Not all these first impressions are set by you personally. In fact, each interaction your employees have with customers, business partners, or the general community around them constitutes a first impression on your company's good name.

Managing first impressions:
(Special note:  An interaction can include face-to-face, a written communication, a visit to your website, event attendance, or any other means exchanging information with a customer, employee, or strategic partner.)

Justin Hitt teaches executives how to create strong business relationships that can increase profits while improving customer loyalty. To learn more about business relationships visit Inside Strategic Relations or call +1 (877) 207-3798

4:08:07 PM    Join Newsletter

Shoppers Demand Decent Design (Abstract)

Your website is important to sales. While this report regards retail shoppers, one has to assume some carry-over to B2B sales. Retailing: Shoppers Demand Decent Design [B2Blog]

Dave over at B2Blog brought this report to my attention, he's got a great point that much of the report could translate to improvements in B2B website sales. I really enjoy his comments on B2B websites and appreciate his technical insights.

According to Robyn Greenspan's original article (abstracted here), "First impressions are very important to on-line shoppers."  This shouldn't be a surprise, first impressions are very important to every aspect of a business relationship.

While the original article is from a retailing prospective, these factors apply to the B2B world. Consider these facts in your website design:

This article continues to compare these findings with those of other reports looking at similar factors. The overall consistencies were staggering, you don't need a slick site as much as one easy for visitors to find exactly what they want.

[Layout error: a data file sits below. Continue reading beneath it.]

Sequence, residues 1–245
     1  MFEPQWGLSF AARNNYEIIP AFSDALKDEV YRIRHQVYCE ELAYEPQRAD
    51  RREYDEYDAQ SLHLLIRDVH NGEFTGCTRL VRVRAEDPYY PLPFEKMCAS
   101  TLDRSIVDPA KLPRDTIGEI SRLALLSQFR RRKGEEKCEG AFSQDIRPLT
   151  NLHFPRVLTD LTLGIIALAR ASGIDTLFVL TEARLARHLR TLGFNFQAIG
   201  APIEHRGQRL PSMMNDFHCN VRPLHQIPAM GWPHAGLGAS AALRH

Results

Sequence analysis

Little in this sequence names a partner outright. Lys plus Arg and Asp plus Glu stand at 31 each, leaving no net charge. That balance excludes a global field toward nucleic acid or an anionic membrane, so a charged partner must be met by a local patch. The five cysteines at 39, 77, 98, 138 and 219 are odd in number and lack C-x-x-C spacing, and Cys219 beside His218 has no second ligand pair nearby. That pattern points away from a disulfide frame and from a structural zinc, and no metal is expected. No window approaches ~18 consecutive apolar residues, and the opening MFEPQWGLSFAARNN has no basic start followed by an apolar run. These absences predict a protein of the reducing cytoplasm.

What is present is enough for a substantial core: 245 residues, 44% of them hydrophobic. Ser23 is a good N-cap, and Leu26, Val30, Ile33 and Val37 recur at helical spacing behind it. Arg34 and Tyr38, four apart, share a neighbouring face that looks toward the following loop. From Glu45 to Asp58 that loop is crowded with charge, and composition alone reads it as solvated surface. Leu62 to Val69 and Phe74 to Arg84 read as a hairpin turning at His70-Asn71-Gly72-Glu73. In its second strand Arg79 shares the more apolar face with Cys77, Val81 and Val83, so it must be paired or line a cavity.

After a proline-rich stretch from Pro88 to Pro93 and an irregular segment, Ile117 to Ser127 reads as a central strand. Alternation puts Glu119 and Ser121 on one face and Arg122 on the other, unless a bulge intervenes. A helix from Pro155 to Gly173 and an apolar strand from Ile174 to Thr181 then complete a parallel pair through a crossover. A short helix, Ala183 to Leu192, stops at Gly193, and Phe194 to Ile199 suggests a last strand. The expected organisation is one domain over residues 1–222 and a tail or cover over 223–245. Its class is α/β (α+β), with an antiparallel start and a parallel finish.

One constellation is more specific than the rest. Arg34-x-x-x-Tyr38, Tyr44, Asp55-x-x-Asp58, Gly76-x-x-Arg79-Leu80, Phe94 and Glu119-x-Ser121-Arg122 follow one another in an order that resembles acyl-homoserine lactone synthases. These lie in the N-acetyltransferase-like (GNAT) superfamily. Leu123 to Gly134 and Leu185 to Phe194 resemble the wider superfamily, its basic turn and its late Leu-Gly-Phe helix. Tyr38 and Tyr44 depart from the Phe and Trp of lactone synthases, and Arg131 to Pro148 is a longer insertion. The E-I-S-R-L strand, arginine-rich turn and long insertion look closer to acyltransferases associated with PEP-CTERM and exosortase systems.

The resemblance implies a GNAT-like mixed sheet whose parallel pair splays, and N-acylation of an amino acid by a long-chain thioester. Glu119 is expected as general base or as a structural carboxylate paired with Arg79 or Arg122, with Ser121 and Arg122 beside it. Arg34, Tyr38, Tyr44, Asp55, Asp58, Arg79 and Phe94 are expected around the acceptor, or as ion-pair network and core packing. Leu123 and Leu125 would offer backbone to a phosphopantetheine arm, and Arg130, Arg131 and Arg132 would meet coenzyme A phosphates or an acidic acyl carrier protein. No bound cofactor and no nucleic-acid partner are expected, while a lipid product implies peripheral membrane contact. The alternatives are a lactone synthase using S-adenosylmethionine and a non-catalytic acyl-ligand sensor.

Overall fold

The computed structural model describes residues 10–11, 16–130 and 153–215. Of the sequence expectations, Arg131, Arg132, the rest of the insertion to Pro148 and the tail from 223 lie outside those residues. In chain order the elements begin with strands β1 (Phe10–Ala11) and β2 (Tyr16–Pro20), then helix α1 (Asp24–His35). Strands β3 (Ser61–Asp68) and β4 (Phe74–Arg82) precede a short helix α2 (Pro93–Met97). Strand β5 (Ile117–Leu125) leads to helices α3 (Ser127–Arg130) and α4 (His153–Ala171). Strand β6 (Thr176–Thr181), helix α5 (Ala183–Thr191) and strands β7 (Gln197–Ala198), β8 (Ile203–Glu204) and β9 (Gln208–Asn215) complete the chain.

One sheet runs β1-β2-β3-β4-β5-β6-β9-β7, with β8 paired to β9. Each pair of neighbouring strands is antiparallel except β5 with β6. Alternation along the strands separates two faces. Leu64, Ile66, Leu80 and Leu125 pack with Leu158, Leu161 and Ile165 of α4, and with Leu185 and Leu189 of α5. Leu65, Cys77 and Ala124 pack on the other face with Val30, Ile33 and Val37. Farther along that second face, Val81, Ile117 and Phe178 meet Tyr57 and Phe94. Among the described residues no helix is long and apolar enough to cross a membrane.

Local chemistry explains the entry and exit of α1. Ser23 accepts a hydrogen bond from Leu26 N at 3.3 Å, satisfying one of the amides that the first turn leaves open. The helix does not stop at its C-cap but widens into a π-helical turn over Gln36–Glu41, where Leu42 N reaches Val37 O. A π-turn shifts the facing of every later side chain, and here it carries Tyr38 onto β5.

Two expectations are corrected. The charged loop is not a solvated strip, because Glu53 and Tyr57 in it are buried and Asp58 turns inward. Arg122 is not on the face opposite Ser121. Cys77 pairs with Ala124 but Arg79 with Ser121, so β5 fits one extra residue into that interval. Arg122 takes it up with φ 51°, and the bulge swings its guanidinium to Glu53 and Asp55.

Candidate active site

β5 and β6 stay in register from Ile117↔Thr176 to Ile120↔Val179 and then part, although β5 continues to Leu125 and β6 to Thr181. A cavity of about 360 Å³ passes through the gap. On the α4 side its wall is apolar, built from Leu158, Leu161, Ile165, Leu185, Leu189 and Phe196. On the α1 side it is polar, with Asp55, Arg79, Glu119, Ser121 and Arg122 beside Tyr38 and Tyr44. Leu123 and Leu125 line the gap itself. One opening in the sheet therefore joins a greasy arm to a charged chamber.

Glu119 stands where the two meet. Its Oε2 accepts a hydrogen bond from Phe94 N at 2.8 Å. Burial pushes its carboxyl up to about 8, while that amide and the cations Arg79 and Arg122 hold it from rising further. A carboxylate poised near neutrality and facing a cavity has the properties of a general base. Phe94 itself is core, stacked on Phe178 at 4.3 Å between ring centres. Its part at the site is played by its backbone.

One participant described their preference for sites designed "by people who want to get you the information that you need."  Most respondents preferred a polished, professional look that creates a trustworthy feel (not overly slick.)

Justin Hitt helps executive build stronger relationships that can increase profits and create loyal customers. For more information visit Inside Strategic Relations or call +1 (877) 207-3798

3:42:26 PM    Join Newsletter

Turn a gray cloud into a golden media opportunity

Planet PDF: Adobe's Robert McDaniels responds (again) to Nielsen criticisms of PDF. "Many of the "PDF Usability Crimes" you cite have nothing to do with Acrobat or PDF but are the result of poor design choices. [elearningpost]

When experts disagree, they both can get positive news coverage. Always consider how constructive dialog with those who put down your products or services can be turned into something to promote your organization. Especially when the media is interested, often they will give equal coverage to both sides of the story as you hash out the point at hand.

Note the Orbitz website crash blamed on Oracle, that whole situation could have been handled better. For Orbitz to have this problem so soon after a change in IT leadership and to blame everything on Oracle, it makes both parties look at fault. All this happens while Oracle presses forward with heavy bidding for PeopleSoft.

How would you have handled either situation? Oracle just pressed on, warning of an unrelated security flaw and posting more news about their PeopleSoft adventure-- they didn't do anything out of the ordinary to address the situation. McDaniels pointed out common failures in other document formats and published a point-by-point bulletin addressing concerns.

It doesn't matter as much what they do for the media, but what would you do for your customers?

How to turn poor media coverage, a difference of opinion, or a major product failure into a gold mine:

Justin Hitt teaches executives how to create strong business relationships that can increase profits while improving customer loyalty. To learn more about business relationships visit Inside Strategic Relations or call +1 (877) 207-3798

12:24:02 AM    Join Newsletter

Last update: 04/08/2004; 2:32:59 PM.